Robin Gordon-Walker is quoted as saying that the FSA’s expenditure (of other peoples’ money) of more than £13m on external consultants was “based on an assessment of the most efficient use of the regulator’s resources”. An assessment by whom, we may well ask.
Unless such an assessment was undertaken by a totally impartial and independent outside agency with nothing to gain (like another lucrative consultancy contract) – the Treasury Select Committee springs to mind as a good choice – then it is of no value whatsoever.
If Mr Gordon-Walker is trying to claim that an assessment carried out by the FSA constitutes adequate justification for such a colossal allocation of financial resources, then surely this is a self-serving smoke-screening. It is rather like the decision to increase MP’s pensions having been carried on the strength of a vote from MPs.
And what were the outcomes of all these consultations and research programmes? More cost-effective regulation? If the resultant savings have not exceeded the £13m outlay, then a proportion of that £13m must surely have been money wasted, must it not? Have the financial benefits of these consultations been quantified or analysed in any way, either before or after they have taken place? I would willingly bet money that they have not – they never are. The FSA’s currently favoured term “quantifying outcomes” springs to mind, along with Do as we say, not as we do.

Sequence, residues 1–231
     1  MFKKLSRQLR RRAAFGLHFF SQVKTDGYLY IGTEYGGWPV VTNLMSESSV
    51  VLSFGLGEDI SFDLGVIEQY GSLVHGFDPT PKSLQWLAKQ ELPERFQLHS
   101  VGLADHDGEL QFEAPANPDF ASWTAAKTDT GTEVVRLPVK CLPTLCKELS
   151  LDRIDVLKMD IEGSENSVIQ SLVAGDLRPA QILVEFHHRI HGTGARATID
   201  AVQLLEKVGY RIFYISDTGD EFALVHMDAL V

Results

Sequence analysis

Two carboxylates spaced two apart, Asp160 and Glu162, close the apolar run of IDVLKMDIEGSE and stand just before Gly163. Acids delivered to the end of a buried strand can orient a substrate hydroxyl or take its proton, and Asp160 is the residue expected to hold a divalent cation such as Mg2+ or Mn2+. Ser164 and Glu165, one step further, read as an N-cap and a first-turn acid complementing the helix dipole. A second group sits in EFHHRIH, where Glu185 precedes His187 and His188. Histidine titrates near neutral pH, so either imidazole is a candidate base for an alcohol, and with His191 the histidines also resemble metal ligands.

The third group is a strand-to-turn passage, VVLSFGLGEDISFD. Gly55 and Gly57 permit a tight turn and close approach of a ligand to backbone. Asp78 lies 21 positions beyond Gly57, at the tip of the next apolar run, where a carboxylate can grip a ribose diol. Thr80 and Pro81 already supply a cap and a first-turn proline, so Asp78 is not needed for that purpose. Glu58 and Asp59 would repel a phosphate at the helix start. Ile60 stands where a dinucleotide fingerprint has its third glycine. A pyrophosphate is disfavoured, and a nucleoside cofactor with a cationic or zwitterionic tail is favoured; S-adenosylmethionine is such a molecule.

Assuming this to be the case, then how can anyone argue that their commissioning has been the most efficient use of the regulator’s resources? To many people, I imagine, Mr Gordon-Walker’s response looks like nothing more than a standard recitation of the FSA’s stock party line.
On a different note, a woman phoned in the other day and asked if we provide free financial advice. I said no but that if she’d be prepared to come over and clean my house free of charge, we might be able to reach an accommodation. For some reason, she didn’t seem to consider that to be a reasonable proposition. Why ever not, I wonder?